Many, probably most, noun phrases contain words of various types, but there are certainly noun phrases comprised entirely of nouns. For ther remainder of this post I will address exclusively noun phrases comprised entirely of nouns. These are less common in popular discourse, but are extremely common in more technical discourse. Here are some examples:

kitchen sink
bedroom door
abbey steeple
church choir
packet sniffer
radio set
automobile radio
automobile radio set
automobile radio set assembly
wire harness
dog pound
benzene ring


Actually, these examples come quite freely to me; noun phrases consisting exclusively of nouns are more common than I had realized when I started writing this explanation :)

Ah, it has just occurred to me to look for web pages devoted to long noun phrases exclusively comprised of nouns, and I have found such a one:

http://webster.commnet.edu/grammar/phrases.htm

They term such a noun phrase a "compound noun phrase", and give a couple other terms for it. They give a pretty example of a compound noun phrase comprised of a single adjective followed by four nouns in immediate succession:

uniform resource locator protocol problem

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Postby Sarabi » 2003-08-21, 3:35

Hmm... Well, I hadn't thought of possession. :oops:

"A noun phrase consists of a pronoun or noun with any associated modifiers, including adjectives, adjective phrases, adjective clauses, and other nouns in the possessive case" from one of the links you posted.

Exactly. Both nouns in these phrases aren't working as nouns. Well, maybe in some, but I don't recognize most of those phrases, to be honest. You see, in "dog pound", "dog" sounds like an adjective to me. I don't know... maybe I'm wrong.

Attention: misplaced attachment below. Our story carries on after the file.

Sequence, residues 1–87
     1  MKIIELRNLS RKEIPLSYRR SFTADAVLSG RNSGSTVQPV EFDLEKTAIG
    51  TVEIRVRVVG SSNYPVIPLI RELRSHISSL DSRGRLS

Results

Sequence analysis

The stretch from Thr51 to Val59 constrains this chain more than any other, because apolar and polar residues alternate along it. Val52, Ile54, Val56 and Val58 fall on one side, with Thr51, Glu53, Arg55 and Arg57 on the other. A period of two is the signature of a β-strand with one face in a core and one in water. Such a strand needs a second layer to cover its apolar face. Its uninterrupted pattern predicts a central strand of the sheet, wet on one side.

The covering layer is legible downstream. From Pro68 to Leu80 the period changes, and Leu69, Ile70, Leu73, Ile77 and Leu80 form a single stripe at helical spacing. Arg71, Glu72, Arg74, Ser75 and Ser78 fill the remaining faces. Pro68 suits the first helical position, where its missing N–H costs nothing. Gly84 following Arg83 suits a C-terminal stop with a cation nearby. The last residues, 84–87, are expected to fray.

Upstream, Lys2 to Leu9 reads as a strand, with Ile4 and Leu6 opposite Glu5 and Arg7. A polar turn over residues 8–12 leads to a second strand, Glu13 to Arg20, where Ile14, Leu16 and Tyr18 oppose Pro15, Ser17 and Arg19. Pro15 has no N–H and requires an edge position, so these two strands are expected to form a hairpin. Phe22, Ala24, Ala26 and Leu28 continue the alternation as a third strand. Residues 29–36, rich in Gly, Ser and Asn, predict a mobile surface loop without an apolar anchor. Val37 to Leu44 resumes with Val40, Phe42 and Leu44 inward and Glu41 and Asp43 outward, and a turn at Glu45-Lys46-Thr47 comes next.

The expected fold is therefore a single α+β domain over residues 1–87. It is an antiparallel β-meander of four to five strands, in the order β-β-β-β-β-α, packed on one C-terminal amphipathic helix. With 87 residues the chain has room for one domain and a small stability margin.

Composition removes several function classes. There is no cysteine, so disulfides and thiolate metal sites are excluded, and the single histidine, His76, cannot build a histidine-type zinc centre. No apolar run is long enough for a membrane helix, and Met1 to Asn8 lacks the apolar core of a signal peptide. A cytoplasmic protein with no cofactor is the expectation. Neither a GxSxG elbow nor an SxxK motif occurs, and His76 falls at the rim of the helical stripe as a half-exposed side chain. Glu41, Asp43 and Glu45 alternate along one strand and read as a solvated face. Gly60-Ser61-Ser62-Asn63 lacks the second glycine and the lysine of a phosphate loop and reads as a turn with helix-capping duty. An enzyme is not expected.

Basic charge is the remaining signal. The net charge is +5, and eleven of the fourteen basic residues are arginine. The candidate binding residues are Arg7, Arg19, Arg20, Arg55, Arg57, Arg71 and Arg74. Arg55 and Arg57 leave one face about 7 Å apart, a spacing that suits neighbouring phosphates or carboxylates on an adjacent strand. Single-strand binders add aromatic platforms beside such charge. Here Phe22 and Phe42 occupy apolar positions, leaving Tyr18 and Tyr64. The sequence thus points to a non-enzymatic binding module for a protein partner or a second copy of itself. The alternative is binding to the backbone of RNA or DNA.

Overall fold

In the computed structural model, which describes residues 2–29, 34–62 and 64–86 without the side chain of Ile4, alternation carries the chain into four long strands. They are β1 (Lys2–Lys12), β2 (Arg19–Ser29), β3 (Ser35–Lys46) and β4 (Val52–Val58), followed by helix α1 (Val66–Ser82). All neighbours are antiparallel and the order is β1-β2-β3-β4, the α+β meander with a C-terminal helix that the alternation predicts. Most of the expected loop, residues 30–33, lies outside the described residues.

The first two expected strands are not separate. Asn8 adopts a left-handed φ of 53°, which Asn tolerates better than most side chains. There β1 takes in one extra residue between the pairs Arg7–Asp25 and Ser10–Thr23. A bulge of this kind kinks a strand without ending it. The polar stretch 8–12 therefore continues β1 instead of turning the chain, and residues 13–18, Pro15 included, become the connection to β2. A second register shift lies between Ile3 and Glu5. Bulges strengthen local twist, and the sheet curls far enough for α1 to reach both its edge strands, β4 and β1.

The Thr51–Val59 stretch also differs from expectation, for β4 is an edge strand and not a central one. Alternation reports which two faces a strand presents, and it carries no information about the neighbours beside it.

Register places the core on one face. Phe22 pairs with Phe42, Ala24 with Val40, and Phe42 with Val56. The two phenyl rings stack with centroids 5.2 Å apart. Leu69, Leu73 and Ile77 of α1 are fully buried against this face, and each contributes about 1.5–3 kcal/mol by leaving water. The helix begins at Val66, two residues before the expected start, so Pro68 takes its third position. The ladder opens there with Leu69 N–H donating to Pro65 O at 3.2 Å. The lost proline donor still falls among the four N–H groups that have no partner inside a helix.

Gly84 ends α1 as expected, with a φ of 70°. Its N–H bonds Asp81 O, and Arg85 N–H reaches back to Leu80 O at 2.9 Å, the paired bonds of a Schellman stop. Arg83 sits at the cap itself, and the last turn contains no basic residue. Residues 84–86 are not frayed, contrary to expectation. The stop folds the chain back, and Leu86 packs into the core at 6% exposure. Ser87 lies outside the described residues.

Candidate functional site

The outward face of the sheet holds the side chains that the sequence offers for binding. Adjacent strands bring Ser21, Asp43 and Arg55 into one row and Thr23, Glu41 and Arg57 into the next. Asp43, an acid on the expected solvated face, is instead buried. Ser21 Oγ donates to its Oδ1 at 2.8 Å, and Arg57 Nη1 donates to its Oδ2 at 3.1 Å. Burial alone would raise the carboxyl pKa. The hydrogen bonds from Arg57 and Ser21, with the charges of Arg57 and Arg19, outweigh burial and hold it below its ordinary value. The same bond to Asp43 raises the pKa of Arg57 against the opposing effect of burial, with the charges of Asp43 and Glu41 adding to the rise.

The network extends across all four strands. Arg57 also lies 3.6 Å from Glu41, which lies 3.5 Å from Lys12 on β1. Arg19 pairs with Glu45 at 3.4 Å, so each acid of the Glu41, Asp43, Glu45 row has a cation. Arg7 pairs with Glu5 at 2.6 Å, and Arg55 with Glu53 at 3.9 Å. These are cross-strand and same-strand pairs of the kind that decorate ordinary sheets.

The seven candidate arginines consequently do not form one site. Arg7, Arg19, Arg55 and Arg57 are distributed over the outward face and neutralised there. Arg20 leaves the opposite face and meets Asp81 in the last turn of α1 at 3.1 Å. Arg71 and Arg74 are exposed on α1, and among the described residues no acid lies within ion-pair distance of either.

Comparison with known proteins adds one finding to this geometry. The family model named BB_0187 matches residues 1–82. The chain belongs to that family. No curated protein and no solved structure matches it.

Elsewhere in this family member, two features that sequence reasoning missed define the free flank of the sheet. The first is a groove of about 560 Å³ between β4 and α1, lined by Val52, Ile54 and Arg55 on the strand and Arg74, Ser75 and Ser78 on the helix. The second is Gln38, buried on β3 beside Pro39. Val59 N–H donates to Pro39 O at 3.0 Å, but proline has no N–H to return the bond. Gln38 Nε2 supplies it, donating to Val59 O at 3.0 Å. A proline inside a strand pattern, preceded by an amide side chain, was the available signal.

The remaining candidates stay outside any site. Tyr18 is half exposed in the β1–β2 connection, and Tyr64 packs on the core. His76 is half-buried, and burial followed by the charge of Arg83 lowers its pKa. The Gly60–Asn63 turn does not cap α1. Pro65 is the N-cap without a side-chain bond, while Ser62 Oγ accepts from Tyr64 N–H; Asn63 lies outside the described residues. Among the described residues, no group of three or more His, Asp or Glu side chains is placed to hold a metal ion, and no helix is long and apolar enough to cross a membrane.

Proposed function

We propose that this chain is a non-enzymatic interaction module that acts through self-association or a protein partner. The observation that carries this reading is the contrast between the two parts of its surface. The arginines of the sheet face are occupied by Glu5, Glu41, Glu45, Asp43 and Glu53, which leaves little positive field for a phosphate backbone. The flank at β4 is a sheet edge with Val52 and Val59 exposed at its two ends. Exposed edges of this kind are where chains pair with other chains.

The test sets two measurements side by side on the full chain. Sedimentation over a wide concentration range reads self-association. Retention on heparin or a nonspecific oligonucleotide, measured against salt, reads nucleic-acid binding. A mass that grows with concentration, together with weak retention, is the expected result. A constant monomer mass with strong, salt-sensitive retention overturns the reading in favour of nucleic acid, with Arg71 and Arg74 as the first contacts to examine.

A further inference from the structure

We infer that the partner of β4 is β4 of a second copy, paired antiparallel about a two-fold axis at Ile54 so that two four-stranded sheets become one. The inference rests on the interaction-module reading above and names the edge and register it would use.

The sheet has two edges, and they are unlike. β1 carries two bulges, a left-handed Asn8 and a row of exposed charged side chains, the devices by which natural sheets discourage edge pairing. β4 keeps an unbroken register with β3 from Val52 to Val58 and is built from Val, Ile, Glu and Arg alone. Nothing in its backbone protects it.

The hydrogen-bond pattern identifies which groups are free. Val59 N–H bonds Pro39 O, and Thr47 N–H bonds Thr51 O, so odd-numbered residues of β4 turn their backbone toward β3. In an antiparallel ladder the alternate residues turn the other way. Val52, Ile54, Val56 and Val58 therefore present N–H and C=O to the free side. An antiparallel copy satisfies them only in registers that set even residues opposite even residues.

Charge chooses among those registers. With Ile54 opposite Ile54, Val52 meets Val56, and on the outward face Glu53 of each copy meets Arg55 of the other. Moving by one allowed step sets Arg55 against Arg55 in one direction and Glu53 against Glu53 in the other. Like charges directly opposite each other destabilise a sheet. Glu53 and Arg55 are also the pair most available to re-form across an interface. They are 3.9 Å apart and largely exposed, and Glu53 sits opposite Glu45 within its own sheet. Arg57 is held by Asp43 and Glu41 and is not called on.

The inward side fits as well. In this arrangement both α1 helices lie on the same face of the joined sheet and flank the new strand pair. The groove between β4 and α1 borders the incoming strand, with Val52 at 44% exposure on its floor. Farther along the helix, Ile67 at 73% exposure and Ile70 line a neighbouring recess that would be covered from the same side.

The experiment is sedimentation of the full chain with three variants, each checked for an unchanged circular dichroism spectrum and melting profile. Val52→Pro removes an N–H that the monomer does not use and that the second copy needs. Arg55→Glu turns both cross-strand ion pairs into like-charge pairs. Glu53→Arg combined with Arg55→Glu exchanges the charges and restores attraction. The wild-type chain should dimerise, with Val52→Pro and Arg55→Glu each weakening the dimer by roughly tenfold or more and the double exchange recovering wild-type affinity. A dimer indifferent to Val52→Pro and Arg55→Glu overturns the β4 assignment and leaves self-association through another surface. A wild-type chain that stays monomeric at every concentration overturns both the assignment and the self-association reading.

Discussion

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Attempted eight-noun noun phrase

Postby tomak » 2003-08-21, 3:39

The longest noun phrase comprised exclusively of nouns that I've thought of -- and I've sat here thinking for a few minutes -- is

Washington University Hospital safety radiation badge reading history

This is rather a stretch, I admit. Here is what I have in mind:

"I was in the administrative office reviewing the radiation history -- I mean the Washington University Hospital safety radiation badge reading history -- when I noticed the repeated pattern of high readings amongst the night staff."

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Nouns functioning as adjectives

Postby tomak » 2003-08-21, 3:42

You are quite right, I believe -- some of the nouns are functioning in an adjective style role -- the term grammarians like to use for this is "functioning attributively".

"dog pound"

dog is a noun, but, it is here used as an attributive noun, meaning that it describes an attribute of the pound -- a pound for dogs. Where I grew up, dog pound was a common phrase, in fact.

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Postby Sarabi » 2003-08-21, 3:51

Yeah, but "reading" is not a noun at all, nor is "spending".
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Postby Junesun » 2003-08-21, 7:33

"Reading" and "spending" are gerunds, that are verbs used as nouns.
Examples of the usage of gerunds:

1) As the subject of a sentence: Swimming is great on a hot summer day.
2) As the object of a sentence: I went to a meeting.
3) As the complement after a preposition: I'm interested in meeting stars, but there's the difficulty in getting an interview.
4) In combination with an object: I enjoyed playing an instrument.
5) In combination with an adverb: I couldn't help laughing heartily.

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Postby Sarabi » 2003-08-21, 20:52

Well, I must admit that I have no clue what the hell this, "Washington University Hospital safety radiation badge reading history", means.
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So my example was way over the top... :)

Postby tomak » 2003-08-23, 2:26

> Well, I must admit that I have no clue what the hell this, "Washington University Hospital safety radiation badge reading history", means.

Ok, so I stretched it beyond the breaking point :)

Maybe I should have just stuck with "Washington University Hospital radiation badge" -- that is probably pretty legible ?

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Postby Sarabi » 2003-08-23, 16:14

LOL... Yeah, I understand that.